Don’t be vague.
First, don’t be vague. As adults we love to use terms like “put to sleep” or “cross the rainbow bridge”. I told my own son that we were saying goodbye and our dog was going to pass away. Pass away. I know now my child thoroughly did not understand pass away. Don’t make my mistake. Death is part of nature. All living things die eventually, yet the details of death can be abstract and confusing if not approached head on. Combine compassion with biology to help your child understand what is about to happen.
Those are some big feelings.
Second, give them space to grieve in whatever way they need to. Losing a pet is big. It is deep and painful and often a child’s first exposure to that kind of loss. Those are some big feelings. Make room for them. It may come in big alligator tear, or deep silence. They may feel anger, or some may appear to have no reaction at all. All of these responses are totally normal. Let them know that, because they may not understand that grief can look like a lot of things. Give them a journal to write or draw in, a place to express themselves and keep memories of their beloved pet. I love the idea of letting them create a pet memory book to help turn some of those painful thoughts of loss into sweet memories of what was.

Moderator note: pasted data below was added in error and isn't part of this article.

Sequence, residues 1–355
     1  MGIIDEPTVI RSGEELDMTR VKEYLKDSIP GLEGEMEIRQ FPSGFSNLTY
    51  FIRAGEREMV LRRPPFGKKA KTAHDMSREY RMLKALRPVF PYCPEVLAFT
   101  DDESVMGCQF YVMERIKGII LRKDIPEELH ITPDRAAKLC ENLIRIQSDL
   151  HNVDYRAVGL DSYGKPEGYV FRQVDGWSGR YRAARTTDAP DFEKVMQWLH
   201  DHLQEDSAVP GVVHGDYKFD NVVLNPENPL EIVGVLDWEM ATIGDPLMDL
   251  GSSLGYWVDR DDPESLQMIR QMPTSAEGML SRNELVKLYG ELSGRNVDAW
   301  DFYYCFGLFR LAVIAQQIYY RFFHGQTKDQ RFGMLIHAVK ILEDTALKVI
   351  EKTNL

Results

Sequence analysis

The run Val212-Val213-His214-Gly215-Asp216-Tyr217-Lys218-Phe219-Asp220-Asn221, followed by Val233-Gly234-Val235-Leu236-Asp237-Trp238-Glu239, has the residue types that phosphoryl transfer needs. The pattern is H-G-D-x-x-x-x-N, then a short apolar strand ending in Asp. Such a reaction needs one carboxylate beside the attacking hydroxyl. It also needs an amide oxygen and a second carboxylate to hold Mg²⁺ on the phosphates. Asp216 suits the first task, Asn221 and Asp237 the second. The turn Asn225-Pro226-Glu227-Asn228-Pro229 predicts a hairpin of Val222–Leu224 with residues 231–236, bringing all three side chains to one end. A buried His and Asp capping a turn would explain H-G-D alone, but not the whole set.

Allow for a special goodbye.
Lastly, let them say goodbye. If you are euthanizing your pet, you may be wondering if your child should or should not be present for the actual moment. That, my friend, is a very personal decision. My advice is talk to your veterinarian about their procedure and determine how you feel about your child being present. Euthanasia, by definition, is a painless death. It is something that I, as a veterinarian, take extremely seriously and I take every precaution to make sure it is the smoothest experience possible for the pet and for the people saying goodbye. Bring treats if your pet is still eating. Your kiddo will enjoy a last happy moment. Bring your pet’s favorite blanket. Your child will appreciate that it makes your pet feel safe and not afraid. Be sure to explain to your child, clearly, what is going to happen and when. I find that the when is big. Littles often have only a vague understanding of time and our descriptions can leave them anxious. Make sure they know when it is the final goodbye. Make sure they know this is going to be a peaceful death.
I hope that something in these words has helped you navigate these waters. They are rough waters. I get it completely. I wish you and your family peace during this difficult time. Please know my heart goes out to you.
Some of our favorite books for kiddos going through pet loss.
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Dr. Sheena Christensen is a veterinarian, mama, and entrepreneur. Her and her husband, Dr. J, talk all things pets in their online blog and pet-owner resource site. We hope you join us!